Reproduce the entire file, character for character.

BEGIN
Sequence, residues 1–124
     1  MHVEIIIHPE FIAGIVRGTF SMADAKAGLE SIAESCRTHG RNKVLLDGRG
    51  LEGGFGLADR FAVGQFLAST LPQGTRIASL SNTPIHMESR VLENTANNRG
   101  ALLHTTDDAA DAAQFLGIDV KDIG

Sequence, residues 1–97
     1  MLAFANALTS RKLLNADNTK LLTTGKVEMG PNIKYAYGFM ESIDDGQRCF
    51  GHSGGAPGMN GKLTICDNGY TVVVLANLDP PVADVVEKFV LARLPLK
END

Sequence, residues 1–124
     1  MHVEIIIHPE FIAGIVRGTF SMADAKAGLE SIAESCRTHG RNKVLLDGRG
    51  LEGGFGLADR FAVGQFLAST LPQGTRIASL SNTPIHMESR VLENTANNRG
   101  ALLHTTDDAA DAAQFLGIDV KDIG

Sequence, residues 1–97
     1  MLAFANALTS RKLLNADNTK LLTTGKVEMG PNIKYAYGFM ESIDDGQRCF
    51  GHSGGAPGMN GKLTICDNGY TVVVLANLDP PVADVVEKFV LARLPLK